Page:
17 December 1903, 10:35 a.m.: Orville and Wilbur Wright, two brothers from Dayton, Ohio, had been working on the development of a machine capable of flight since 1899. They started with kites and gliders before moving on to powered aircraft. At the Kill Devil Hills near Kitty Hawk, North Carolina, on the eastern shoreline of the United States, they made the first successful flight of a manned, powered, controllable airplane.
Orville was at the controls of the Flyer while Wilbur ran along side, steadying the right wing. Against a 27 miles per hour (12 meters per second) headwind, the airplane flew 120 feet (36.6 meters) in 12 seconds.
Three more flights were made that day, with the brothers alternating as pilot. Wilbur made the last flight, covering 852 feet (263.7 meters) in 59 seconds. The Flyer was slightly damaged on landing but before it could be repaired for an intended flight four miles back to Kitty Hawk, a gust of wind overturned the airplane and caused more extensive damage. It never flew again.
The 1903 Wright Flyer is a canard biplane, with elevators to the front and rudders at the rear. The flight controls twisted, or “warped,” the wings to cause a change in direction. The pilot lay prone in the middle of the lower wing, on a sliding “cradle.” He slid left and right to shift the center of gravity. Wires attached to the cradle acted to warp the wings and move the rudders. The airplane is built of spruce and ash and covered with unbleached muslin fabric.
The Flyer is 21 feet, 1 inch (6.426 meters) long with a wingspan of 40 feet, 4 inches (12.293 meters) and overall height of 9 feet, 3 inches (2.819 meters). The wings have an angle of incidence of 3° 25′. A built-in curvature of the wings creates a continuously-varying anhedral. (The wingtips are 10 inches (25.4 centimeters) lower than at the centerline.) The vertical gap between the upper and lower wings is 6 feet, 2 inches (1.880 meters). There is no sweep or stagger. The total wing area is 510 square feet (47.38 square meters). The Flyer weighs 605 pounds (274.4 kilograms), empty.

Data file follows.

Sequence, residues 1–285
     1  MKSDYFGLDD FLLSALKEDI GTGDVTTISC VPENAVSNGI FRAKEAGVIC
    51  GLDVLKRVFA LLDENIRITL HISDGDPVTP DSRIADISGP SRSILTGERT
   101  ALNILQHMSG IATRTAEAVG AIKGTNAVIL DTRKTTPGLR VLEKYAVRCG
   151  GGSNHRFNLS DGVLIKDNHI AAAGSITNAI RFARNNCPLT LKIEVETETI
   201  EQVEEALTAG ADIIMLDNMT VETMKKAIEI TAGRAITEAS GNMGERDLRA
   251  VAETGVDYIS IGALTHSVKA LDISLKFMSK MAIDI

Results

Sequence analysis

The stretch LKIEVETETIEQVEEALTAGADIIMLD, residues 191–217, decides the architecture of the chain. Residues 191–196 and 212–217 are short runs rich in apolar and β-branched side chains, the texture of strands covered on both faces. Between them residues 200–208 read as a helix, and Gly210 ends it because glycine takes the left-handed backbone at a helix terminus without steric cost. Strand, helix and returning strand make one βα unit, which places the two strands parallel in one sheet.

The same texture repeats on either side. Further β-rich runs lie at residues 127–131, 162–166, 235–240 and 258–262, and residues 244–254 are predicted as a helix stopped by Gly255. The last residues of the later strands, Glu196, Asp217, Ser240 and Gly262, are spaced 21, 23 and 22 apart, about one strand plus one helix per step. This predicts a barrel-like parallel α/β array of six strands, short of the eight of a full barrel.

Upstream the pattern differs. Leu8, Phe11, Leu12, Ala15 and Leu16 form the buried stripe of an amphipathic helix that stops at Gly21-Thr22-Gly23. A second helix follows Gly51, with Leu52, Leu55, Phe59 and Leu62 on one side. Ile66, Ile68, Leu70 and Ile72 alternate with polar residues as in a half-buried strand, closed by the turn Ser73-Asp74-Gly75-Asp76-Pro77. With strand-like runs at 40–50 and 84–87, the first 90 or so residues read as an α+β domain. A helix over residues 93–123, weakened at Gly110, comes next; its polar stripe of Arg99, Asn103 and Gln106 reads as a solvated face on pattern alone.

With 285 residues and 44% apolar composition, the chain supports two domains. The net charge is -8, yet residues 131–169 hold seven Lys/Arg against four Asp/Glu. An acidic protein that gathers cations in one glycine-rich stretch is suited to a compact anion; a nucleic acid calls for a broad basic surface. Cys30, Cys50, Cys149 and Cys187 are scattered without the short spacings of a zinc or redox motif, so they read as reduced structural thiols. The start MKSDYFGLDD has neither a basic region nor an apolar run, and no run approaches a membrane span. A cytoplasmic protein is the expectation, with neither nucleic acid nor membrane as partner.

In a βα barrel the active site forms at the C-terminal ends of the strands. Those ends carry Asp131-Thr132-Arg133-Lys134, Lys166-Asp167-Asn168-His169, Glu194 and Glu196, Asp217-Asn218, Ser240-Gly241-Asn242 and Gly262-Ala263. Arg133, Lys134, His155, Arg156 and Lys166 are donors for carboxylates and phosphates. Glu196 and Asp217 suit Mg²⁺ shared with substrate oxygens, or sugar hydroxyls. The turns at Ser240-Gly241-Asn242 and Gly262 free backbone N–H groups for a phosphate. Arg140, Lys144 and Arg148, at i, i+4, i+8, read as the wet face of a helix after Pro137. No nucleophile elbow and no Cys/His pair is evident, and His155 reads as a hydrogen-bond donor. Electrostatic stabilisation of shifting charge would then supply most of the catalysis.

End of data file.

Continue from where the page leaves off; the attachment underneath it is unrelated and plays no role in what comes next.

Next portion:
The Flyer was powered by a single water-cooled, normally-aspirated, 201.06-cubic-inch-displacement (3.30 liter) 4-cylinder inline overhead valve gasoline engine, which produced 12 horsepower at 1,025 r.p.m. The engine was built by the Wright’s mechanic, Charlie Taylor. (Taylor would soon become the very first passenger to fly aboard an airplane.) The engine has a cast aluminum alloy crankcase with cast iron cylinders. Fuel is supplied from a gravity-feed tank mounted under the leading edge of the upper wing. Total fuel capacity is 22 fluid ounces (0.65 liters).
Using chains, sprockets, and drive shafts, the engine turns two fixed-pitch wooden propellers in opposite directions at 350 r.p.m. They turn outboard at the top of their arcs. The propellers have a diameter of 8 feet, 6 inches (2.591 meters) and are positioned at the trailing edges of the wings in a pusher configuration.
In 1928, the Wright Flyer was shipped to England where it was displayed at the Science Museum on Exhibition Road, London. It returned to the United States in 1948 and was placed in the collection of the Smithsonian Institution.
The Wright Brothers’ first airplane flew a total of 1 minute, 42.5 seconds, and travelled 1,472 feet (448.7 meters).
Wilbur Wright died of typhoid fever in 1912. Orville continued to fly until 1918. He served as a member of the National Advisory Committee on Aeronautics (NACA, predecessor of NASA) for 28 years. He died in 1948.
© 2018, Bryan R. Swopesby